post #7 of 26
I have to say that I have been toying with the idea of switching over to presensitized blanks and as soon as I figure out a way of reliably exposing double sided boards , I will tank the heat transfer for good.

I have had mixed success with the heat method - small boards are fine but the moment you near 4" X 5" it becomes a real PIA. The ground planes in particular are a real headache. I have actually been given a commercial heat press but I haven't bothered picking it up as I have no place to store it. Lining up double sided boards would also be a nightmare with a press.

Out of interest, I never found the photopaper to be any good and now look for the backing paper found on "stickers" ie large advertisement stickers used on cars/trucks or the backing paper for heavy duty drawer linings etc. This has a slightly waxy feel to it and after transfer, leaves a thin palsticized layer on the traces - less chance of unwanted corrosion.

This is one of the earliest boards I etched ( the CKKIII prototype)


I don't have images uploaded of some larger groundplanes to show you the mottled effect but that sort of frsutration would be a non-issue with the photoetch process.

If you find ways to do large surfaces which look clean, I would be very interested to hear of the technique.

..dB
post #8 of 26
I use the "celcast" or Kodak Matte every day paper and it's much better than the glossy, it seems to soak off easier. When heating I use the iron but I move it around like I'm ironing a shirt, I don't just press down I move it around a lot and keep a solid pressure on it, I also cover the board with a piece of kitchen paper so I don't accidently move the photo
post #9 of 26
Quote:
Originally Posted by Fred_fred2004 View Post
Toner transfer works well for me with an ordinary iron, but I've learned a few things
1. use fine steel wool and clean/polish the board lots of fine scratches helps the toner grip the board.
2. Matt every day photo paper NOT glossy
3. Iron very hot, steam off
4. Drop the board into water when very hot I like to hear it hiss.
hope that helps
cheers
+1, especially for point #1

I use the Press-N-Peel blue sheets. Works great with a regular iron.
post #10 of 26
Oh that stuff looks incredible, this must be the best kept secret !!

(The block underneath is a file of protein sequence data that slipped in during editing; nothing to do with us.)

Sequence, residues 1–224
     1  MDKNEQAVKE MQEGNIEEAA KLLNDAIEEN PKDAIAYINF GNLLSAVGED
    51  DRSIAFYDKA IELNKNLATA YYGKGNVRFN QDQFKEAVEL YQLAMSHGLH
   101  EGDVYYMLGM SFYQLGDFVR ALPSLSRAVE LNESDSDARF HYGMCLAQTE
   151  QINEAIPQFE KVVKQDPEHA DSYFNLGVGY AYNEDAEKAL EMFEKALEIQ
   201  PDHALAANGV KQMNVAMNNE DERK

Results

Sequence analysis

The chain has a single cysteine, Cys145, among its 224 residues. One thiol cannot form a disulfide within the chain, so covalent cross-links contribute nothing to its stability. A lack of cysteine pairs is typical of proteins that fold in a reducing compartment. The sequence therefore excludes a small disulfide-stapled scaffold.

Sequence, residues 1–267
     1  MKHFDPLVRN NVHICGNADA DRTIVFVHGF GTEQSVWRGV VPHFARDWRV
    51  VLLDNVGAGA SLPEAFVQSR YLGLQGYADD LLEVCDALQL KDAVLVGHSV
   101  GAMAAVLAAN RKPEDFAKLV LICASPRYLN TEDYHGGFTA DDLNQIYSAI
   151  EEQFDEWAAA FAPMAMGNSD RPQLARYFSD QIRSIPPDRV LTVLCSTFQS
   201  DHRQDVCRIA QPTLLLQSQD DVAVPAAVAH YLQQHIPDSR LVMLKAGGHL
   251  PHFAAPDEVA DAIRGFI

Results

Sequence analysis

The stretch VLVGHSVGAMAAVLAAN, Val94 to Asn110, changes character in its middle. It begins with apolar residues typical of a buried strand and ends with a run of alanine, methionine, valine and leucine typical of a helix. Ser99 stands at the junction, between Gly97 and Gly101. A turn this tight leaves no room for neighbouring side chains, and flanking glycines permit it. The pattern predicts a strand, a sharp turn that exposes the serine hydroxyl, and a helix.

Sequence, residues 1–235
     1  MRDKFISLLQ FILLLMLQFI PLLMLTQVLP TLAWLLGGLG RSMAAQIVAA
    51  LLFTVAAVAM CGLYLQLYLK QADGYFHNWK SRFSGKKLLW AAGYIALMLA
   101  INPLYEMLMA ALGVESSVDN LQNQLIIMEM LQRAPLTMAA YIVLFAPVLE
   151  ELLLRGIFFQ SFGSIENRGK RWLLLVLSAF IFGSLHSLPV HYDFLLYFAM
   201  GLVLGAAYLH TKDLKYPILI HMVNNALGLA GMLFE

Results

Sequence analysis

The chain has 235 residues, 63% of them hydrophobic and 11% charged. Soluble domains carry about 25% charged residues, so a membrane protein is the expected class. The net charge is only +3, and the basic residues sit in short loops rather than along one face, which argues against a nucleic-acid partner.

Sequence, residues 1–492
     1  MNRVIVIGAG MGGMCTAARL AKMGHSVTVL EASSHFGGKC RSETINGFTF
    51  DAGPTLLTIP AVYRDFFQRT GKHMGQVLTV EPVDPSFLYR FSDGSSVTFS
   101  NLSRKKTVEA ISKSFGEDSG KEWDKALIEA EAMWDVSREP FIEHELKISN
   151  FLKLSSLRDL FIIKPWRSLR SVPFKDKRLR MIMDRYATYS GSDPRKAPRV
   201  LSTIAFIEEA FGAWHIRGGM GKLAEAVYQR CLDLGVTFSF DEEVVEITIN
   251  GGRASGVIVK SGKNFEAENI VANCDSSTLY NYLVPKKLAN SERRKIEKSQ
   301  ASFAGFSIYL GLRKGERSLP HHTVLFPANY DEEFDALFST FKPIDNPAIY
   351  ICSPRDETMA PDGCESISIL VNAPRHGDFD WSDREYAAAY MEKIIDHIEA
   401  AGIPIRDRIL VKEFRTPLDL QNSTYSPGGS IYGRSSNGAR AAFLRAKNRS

Thanks for the info kklee ..dB
post #11 of 26
Quote:
Originally Posted by linuxworks View Post
I probably didn't expose it long enough.
That, or you didn't use a strong enough UV source. Exposing longer increases the risk of light leakage around the printed traces.

Quote:
you still have to print to clear transparencies for this, though, right? isn't that going to crinkle the slide/foils enough to distort? maybe it works well if you use the right slide stock.
They sell acetate sheets made for computer printers. There are different sorts for laser vs. ink jet printers.

The only trick is to print it in reverse so you can put the printed side towards the board. Less light leaks around the printed traces that way than when there's a thickness of plastic between the printing and the light.

Quote:
Originally Posted by dBel84
as soon as I figure out a way of reliably exposing double sided boards...
I don't bother hand-etching double-sided boards. If I can't get it into a single side, maybe with a few jumpers, it's time to get professionally made boards. It's well worth the cost of the boards to avoid the hassle, and then you get the advantage of being able to do a denser design than you'd even dream of trying to hand-etch.
post #12 of 26
Quote:
Originally Posted by tangent View Post
I don't bother hand-etching double-sided boards. If I can't get it into a single side, maybe with a few jumpers, it's time to get professionally made boards. It's well worth the cost of the boards to avoid the hassle, and then you get the advantage of being able to do a denser design than you'd even dream of trying to hand-etch.